She retired from films in 1953 and began a second, equally successful career as hostess of The Loretta Young Show (1953), a half-hour television drama anthology series which ran on NBC from September 1953 to September 1961. In addition to hosting the series, she frequently starred in episodes. Although she is most remembered for her stunning gowns and swirling entrances, over the broadcast's eight-year run she also showed again that she could act. She won Emmy awards for best actress in a dramatic series in 1954, 1956 and 1958.

After the show ended, she took some time off before returning in 1962 with The New Loretta Young Show (1962), which was not so successful, lasting only one season. For the next 24 years, Loretta did not appear in any entertainment medium. Her final performance was in a made for TV film Lady in the Corner (1989).

By 1960, Loretta was a grandmother. Her daughter Judy Lewis had married about three years before and had a daughter in 1959, whom they named Maria. Loretta and Tom Lewis divorced in the early 1960's. Loretta enjoyed retirement, sleeping late, visiting her son Chris and daughter-in-law Linda, and traveling. She and her friend Josephine Alicia Saenz, ex-wife of John Wayne, traveled to India and saw the Taj Mahal. In 1990, she became a great-grandmother when granddaughter Maria, daughter of Judy Lewis, gave birth to a boy.

Loretta lived a quiet retirement in Palm Springs, California until her death on August 12, 2000 from ovarian cancer at the home of her sister Georgiana and Georgiana's husband, Ricardo Montalban.

MORE INFO ON VAN JOHNSON: Van Johnson was the well-mannered nice guy on screen you wanted your daughter to marry. This fair, freckled and invariably friendly-looking MGM song-and-dance star of the 40s emerged a box office favorite (1944-1946) and second only to heartthrob Frank Sinatra during what gossipmonger Hedda Hopper dubbed the "Bobby-Soxer Blitz" era. Johnson's musical timing proved just as adroit as his career timing for he was able to court WWII stardom as a regimented MGM symbol of the war effort with an impressive parade of earnest soldiers. He may have been a second tier musical star behind the likes of Fred Astaire and Gene Kelly, but his easy smile, wholesome, boy-next-door appeal and strawberry-blond good looks earned him a solid shot at box-office stardom while the big boys (i.e., MGM stars) were off to war. When they returned, Johnson amiably relinquished his "golden boy" pedestal, but his popularity did not wane. In retrospect, his dramatic talent seemed overly scrutinized ... for he was very capable. Besides, he worked another three decades on stage, screen and TV ... and always as a star.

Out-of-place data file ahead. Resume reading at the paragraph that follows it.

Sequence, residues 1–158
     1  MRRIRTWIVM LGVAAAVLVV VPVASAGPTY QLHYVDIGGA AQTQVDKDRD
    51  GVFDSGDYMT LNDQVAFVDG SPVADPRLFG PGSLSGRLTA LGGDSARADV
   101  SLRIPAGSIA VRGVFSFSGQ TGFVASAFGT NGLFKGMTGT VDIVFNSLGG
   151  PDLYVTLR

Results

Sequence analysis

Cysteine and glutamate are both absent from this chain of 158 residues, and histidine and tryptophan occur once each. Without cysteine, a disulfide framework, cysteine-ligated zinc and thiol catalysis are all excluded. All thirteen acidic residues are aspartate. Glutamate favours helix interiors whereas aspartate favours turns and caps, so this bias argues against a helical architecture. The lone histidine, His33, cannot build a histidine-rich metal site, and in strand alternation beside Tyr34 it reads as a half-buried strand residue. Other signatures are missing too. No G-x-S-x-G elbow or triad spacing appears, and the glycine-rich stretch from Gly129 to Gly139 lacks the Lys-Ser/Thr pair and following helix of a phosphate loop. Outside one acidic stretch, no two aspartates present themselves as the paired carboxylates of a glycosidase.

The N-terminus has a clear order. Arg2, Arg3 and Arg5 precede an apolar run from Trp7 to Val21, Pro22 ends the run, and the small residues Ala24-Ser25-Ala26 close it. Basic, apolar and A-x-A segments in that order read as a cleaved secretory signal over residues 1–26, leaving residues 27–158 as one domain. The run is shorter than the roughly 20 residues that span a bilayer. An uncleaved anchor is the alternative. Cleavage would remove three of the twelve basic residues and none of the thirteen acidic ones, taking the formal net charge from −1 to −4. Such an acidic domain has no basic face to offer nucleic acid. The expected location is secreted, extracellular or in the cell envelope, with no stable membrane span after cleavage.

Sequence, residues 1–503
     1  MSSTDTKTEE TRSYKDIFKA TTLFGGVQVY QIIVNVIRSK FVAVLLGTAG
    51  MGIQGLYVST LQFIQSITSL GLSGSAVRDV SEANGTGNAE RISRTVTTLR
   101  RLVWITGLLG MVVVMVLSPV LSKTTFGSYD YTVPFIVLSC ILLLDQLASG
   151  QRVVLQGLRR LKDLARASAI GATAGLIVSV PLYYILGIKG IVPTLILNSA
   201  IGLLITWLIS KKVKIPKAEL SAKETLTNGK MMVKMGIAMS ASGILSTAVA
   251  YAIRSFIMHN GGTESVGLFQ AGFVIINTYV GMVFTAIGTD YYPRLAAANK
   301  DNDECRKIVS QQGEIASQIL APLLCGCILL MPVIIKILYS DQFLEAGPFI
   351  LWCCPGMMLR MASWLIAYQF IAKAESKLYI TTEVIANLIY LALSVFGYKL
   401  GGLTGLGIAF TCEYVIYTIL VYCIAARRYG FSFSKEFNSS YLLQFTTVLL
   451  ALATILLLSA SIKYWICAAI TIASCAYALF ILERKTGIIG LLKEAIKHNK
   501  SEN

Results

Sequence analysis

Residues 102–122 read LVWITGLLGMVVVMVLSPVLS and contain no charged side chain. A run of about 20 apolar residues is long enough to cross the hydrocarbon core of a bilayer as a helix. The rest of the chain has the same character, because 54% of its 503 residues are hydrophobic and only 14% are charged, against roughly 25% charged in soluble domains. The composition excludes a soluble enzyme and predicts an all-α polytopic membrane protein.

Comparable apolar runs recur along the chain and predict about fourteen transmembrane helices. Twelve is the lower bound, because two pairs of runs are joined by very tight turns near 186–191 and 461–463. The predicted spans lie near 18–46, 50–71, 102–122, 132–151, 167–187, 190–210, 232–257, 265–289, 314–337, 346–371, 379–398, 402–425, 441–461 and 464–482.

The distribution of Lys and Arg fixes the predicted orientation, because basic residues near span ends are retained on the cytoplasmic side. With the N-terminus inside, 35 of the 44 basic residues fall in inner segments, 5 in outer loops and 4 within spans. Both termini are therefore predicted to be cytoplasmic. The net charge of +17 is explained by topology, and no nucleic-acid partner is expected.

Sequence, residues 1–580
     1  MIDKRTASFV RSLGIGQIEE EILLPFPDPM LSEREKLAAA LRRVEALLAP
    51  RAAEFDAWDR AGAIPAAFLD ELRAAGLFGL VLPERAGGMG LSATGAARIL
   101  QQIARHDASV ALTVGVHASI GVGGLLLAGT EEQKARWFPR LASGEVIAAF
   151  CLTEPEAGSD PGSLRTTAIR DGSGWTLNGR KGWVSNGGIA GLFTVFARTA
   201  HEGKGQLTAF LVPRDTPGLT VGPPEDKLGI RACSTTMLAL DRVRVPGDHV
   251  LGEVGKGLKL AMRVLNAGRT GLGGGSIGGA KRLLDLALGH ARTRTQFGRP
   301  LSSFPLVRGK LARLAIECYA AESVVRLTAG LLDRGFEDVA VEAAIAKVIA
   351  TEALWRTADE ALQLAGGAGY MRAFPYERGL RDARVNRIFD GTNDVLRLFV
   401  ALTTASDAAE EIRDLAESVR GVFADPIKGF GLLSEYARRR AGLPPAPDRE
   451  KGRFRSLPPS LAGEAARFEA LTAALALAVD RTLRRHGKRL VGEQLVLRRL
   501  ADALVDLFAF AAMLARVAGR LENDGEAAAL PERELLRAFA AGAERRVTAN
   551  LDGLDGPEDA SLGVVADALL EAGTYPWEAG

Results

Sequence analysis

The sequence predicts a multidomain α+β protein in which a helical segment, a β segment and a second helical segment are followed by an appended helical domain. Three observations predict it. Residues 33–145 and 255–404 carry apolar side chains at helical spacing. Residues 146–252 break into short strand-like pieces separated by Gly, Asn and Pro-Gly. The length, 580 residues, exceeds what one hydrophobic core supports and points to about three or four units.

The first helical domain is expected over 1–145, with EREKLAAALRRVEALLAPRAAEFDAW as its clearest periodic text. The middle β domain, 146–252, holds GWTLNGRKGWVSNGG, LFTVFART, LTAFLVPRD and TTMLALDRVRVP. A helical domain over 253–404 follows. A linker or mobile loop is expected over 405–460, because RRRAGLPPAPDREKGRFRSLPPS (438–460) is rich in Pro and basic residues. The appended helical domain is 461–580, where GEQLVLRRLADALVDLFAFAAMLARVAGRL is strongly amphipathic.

Johnson was born Charles Van Dell Johnson in Newport, Rhode Island, the only child of Loretta (Snyder) and Charles E. Johnson. His paternal grandparents were Swedish, and his mother was of German, and a small amount of Irish, ancestry. Johnson endured a lonely and unhappy childhood as the sole offspring of an extremely aloof father (who was both a plumber and real estate agent by trade) and an absentee mother (she abandoned the family when he was three, the victim of alcoholism). A paternal grandmother helped in raising the young lad. Happier times were spent drifting into the fantasy world of movies, and he developed an ardent passion to entertain. Taking singing, dancing and violin lessons during his high school years, he disregarded his father's wish to become a lawyer and instead left home following graduation to try his luck in New York.